Indeed, upcoming titles in the series will follow the same path. According to Husney, the next classic up for reconsideration will be the slasher favorite, The Last Horror Film. It stars Joe Spinell in, what the company refers to as” his most unnerving, perverse performance since his unforgettable starring role in William Lustig’s Maniac.”  The film also reunites Spinell with another Maniac-¬alum; Hammer horror film and Bond-girl babe Caroline Munro. Husney adds that “The Last Horror Film DVD will include the uncut version of the film, which has never been released in America on video and was only available on the pre-certification UK VHS tape released over 25 years ago.”

Fans can also look forward to a wealth of bonus features including a brand new featurette, My Best Maniac which features Spinell’s closest friend, Luke Walter, a brand new audio commentary with Walter, a new interview with Maniac director William Lustig, Buddy G Giovinazzo’s (Combat Shock) short film Mr. Robbie aka Maniac 2 which features Spinell in one of his last performances before his untimely death, original and new trailers, and much more.

After that, Troma will tackle one of its most unusual and satisfying foreign films. “Later in the year we will be releasing the highly anticipated Director’s Cut of Philippe Mora’s Australian bushranger classic Mad Dog Morgan,” says Husney. “The film will be presented with a new beautifully restored, uncut, anamorphic widescreen transfer loaded with new and vintage bonus material.” Mora’s Outlaw masterpiece stars Dennis Hopper in, what the company considers, “his greatest performance of the 1970s next to The American Friend.”

“The Tromasterpiece Collection will also expand with a new anniversary edition of Troma’s War,” Husney points out, which will feature new cast and crew interviews, including a career-spanning featurette on the life and times of Troma’s most famous action hero Joe Fleishaker. In addition, future titles up for consideration include the hilarious the pre-Toxic Avenger ensemble sex comedy, The First Turn-On, Spanish horror classic The Hanging Woman starring Paul Naschy, and Lech Kowalski’s harrowing Story of a Junkie (a true underground masterwork).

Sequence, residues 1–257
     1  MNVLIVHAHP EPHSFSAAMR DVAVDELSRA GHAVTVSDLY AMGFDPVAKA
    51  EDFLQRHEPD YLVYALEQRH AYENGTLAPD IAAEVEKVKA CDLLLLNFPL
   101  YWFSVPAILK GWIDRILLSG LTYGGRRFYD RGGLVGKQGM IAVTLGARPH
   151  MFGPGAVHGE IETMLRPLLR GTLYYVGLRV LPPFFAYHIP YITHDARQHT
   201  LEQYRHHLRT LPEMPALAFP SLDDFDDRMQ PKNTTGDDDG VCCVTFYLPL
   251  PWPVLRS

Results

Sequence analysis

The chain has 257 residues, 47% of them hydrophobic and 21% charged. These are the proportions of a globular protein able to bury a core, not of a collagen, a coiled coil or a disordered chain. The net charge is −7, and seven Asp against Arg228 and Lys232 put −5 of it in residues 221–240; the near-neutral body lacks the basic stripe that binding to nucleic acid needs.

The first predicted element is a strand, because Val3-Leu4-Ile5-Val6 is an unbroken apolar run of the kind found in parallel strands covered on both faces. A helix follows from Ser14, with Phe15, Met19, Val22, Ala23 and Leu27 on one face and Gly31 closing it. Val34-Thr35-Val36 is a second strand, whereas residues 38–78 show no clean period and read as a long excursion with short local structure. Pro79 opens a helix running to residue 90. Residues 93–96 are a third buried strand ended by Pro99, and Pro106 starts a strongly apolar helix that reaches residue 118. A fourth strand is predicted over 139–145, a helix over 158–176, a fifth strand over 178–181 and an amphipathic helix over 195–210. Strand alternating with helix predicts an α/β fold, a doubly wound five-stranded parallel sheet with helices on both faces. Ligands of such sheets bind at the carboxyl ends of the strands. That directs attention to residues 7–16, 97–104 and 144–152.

But perhaps the most anticipated title of the year is also one of Troma’s most controversial and complex. “Combat Shock has remained hidden in the underground video universe for more than 25 years,” Husney points out, “and has now fully ripened to disgust, revolt and depress a new generation of indie film viewers.” The 1986 thriller about a returning war vet and the troubles he faces readjusting to civilian life is, according to the company, “more relevant today than it did during its initial theatrical release.” Husney explains.  As usual, fans and first timers can expect a great deal of depth from the upcoming digital package.

Combat Shock: 2-Disc Never-Before-Seen Director’s Cut will include the heavily sought-after pre-Troma cut entitled American Nightmares which is somehow more delightfully repulsive and grim than the Combat Shock cut (which will also be included in the set for comparison).” That’s not all, of course. The most exciting special feature in the set is Post-Traumatic, an American Nightmare, which Husney describes as “a new featurette which contains interviews with filmmaker Buddy Giovinazzo contemporaries lending their praise, critical analyzes, and also examining themes of other nihilistic films of the 1980s.”

And the wealth of added content continues. Present in said featurette are such famous genre names as John McNaughton (Henry: Portrait of a Serial Killer), William Lustig (Maniac), Jorg Buttgereit (Necromantik), Jim Van Bebber (Deadbeat at Dawn, The Manson Family), Roy Frumkes (Street Trash), Mitch Davis (Fantasia Film Festival), Joe Kane (The Phantom at the Movies), Rick Sullivan (The Gore Gazette – his first interview in 20 years!), David Gregory (Severin Films), and the star of Combat Shock, in his first sitdown ever…Rick Giovinazzo.

According to Husney, the set will also include, “an audio commentary with Buddy and Jorg Buttgereit, an all new interview with Buddy conducted by Lloyd Kaufman, Buddy’s rarely-seen short film starring Joe Spinell titled Mr. Robbie aka Maniac 2, a look at the locations from Combat Shock as they appear today, original press and photo galleries, new liner notes by Steve Puchalski of Shock Cinema, and other highly anticipated material.”

Last but not least, perhaps the most important DVD collection the company will release this year is not an actual film. Coinciding with founder Lloyd Kaufman’s latest must-own tome, Direct Your Own Damn Movie (published by Focal Press), Husney indicates that “Troma Team Video will be releasing a four-disc DVD box set (of the same name), which will include a newly produced, feature-length documentary with interviews from Stan Lee, Trey Parker, Eli Roth, James Gunn, William Lustig, Stuart Gordon, Penelope Spheeris, Mick Garris, Monte Hellman, Ernest Dickerson, and many more.”